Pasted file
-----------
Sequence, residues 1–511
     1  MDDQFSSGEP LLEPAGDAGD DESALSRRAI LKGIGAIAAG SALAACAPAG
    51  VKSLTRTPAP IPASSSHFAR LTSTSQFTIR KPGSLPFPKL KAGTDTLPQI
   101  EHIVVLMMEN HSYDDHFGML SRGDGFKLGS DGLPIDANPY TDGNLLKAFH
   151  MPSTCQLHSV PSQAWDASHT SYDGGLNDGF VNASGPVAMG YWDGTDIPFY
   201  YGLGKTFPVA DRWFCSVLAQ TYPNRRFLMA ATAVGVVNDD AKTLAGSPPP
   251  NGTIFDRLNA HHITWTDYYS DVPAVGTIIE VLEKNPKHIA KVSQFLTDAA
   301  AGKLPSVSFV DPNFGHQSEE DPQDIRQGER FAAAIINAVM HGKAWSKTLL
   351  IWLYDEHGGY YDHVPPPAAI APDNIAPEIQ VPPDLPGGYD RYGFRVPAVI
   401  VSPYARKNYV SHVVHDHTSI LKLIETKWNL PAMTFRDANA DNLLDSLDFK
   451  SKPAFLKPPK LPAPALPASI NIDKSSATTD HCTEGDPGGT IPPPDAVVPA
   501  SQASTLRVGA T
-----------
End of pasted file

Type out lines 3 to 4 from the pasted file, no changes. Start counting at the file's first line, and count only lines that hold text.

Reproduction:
    51  VKSLTRTPAP IPASSSHFAR LTSTSQFTIR KPGSLPFPKL KAGTDTLPQI
   101  EHIVVLMMEN HSYDDHFGML SRGDGFKLGS DGLPIDANPY TDGNLLKAFH